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A humble governor

Sysselmann Kjerstin Askholt. FOTO: Hilde Røsvik

A humble governor

Kjerstin Askholt says she is pleased and relieved about the main conclusion of the government's report about last year's fatal avalanche.



16.09.2016 kl 09:32

Svalbard Gov. Kjerstin Askholt is humble in comparison to what appears in the report and says she plans to carefully review potential improvements cited by the Norwegian Directorate for Civil Protection (DSB).

"I am also very happy and relieved with the main conclusion of the report, that there could not have been more lives saved that weekend," she said. "There are certainly things we can do even better in the future so we are even better prepared the next time something happens."

The report was released at noon on Thursday.

"We have not revealed any indication that more lives could have been saved in the rescue operation," said DSB Director Cecilie Daae in a prepared statement. "Yet there is always something to learn from events like the avalanche in Svalbard."

Norway's Ministry of Justice and Public Security requested the DSB evaluation in February to assess the response to the avalanche and preventative measures implemented. The analysis was done with support from the Norwegian Police University College and the Joint Rescue Coordination Centre of Southern Norway (HRS).

More learning points
The report includes numerous learning points and recommended measures so officials are better equipped to handle similar incidents in the future.

"After such accidents it is important to review all matters of importance to the event," Daae said. "We must look for critical emergency response challenges and ask ourselves what could and should have been done differently. I am satisfied with the report, which can be useful reading for anyone working with civil protection and preparedness."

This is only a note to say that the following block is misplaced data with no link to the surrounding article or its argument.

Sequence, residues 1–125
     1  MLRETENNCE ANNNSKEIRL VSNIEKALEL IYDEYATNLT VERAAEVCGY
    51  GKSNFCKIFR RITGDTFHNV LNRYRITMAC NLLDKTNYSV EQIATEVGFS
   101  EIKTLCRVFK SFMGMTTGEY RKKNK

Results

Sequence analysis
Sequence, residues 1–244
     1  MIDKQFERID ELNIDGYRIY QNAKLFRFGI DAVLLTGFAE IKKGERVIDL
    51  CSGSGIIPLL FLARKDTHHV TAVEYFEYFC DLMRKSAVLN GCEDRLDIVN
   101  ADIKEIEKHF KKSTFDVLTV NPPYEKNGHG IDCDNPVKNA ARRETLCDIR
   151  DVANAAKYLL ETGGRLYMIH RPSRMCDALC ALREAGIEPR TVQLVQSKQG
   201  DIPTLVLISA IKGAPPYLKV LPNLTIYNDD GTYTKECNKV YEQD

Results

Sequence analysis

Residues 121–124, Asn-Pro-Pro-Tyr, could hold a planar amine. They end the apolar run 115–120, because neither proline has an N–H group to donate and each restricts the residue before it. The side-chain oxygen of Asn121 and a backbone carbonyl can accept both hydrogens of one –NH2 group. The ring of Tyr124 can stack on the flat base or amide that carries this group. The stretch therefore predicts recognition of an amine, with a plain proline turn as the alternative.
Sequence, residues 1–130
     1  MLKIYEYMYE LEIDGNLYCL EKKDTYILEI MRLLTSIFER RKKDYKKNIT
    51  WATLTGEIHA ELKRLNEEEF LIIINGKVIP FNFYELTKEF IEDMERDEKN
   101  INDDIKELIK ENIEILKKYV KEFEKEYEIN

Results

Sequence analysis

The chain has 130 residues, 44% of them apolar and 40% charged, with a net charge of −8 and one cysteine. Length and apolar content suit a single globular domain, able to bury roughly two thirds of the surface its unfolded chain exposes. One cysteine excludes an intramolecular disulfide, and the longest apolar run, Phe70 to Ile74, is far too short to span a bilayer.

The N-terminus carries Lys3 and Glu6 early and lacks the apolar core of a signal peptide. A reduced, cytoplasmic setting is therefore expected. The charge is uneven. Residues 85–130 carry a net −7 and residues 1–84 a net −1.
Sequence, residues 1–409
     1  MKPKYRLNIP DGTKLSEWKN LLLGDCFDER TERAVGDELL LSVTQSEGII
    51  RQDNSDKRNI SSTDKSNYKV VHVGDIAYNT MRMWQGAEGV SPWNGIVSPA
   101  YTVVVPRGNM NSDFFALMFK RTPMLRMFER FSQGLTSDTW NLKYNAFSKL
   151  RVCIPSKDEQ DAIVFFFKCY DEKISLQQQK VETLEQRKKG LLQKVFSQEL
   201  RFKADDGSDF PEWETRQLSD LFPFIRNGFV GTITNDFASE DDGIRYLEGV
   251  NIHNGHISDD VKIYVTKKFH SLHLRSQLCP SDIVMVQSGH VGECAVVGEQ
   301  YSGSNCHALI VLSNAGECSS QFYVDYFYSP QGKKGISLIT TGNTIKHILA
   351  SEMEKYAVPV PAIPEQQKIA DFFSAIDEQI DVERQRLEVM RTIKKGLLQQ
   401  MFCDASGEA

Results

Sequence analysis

Two people were killed by the avalanche on Sukkertoppen last Dec. 19. Eleven homes were destroyed and more than 200 people were forced to evacuate their homes. Daae said the rescue operation was praiseworthy.

"We believe that the immediate efforts of rescuers, volunteers and the victims themselves probably contributed to the fact that more lives were not lost," she said. "Nevertheless, we point out in the report a number of minor and major lessons which should be followed up on."

Avalanche report on the way
Although Askholt was new to the job when the accident occurred, she had 23 years of experience as a manager and 13 years of experience with Arctic policy, which gave her a good foundation of knowledge

"I also had a very great deal of expertise around me and they all did a very good job, which I'm very proud of," she said. "Especially the emergency rescue services in collaboration with volunteers."

A new winter is approaching. Can people feel safe?

"We have a robust avalanche warning system in place," Askholt said. "Beyond that there will be an avalanche report by the Norwegian Water Resources and Energy Directorate in mid-October. When we have that on the table we will sit down with Longyearbyen Community Council and see if there's something we need to do differently. We will consider implementing additional measures before winter arrives. Together we will work to make things as safe as possible here."

Meetings on the mainland
Askholt said meetings are also planned with police on the mainland to improve cooperation, as well as with HRS and the governor of the Troms region.

"Tromsø is especially good when it comes to avalanches and has lots of experience," Askholt said. "We have been invited to meet with them to see if there is anything more we can learn."

'Solid evaluation'
Minister of Justice and Public Security Anders Anundsen said he's pleased with both the effort put into the report and its findings.

"My immediate impression is that the DSB in consultation with the Joint Rescue Coordination Centre and the Norwegian Police University College has made a solid evaluation about the handling of the tragic accident in Svalbard on Dec. 19, 2015," he said. "I have not yet done an in-depth reading of the report, but I have had enough time to determine it establishes that the efforts of rescuers, including what volunteers and the victims themselves performed, ensured no more lives were lost. I also noted that the evaluation points out some learning points to bring forth. Such points are a seal of approval for the report itself and I will spend extra time on those."

Translated by Mark Sabbatini

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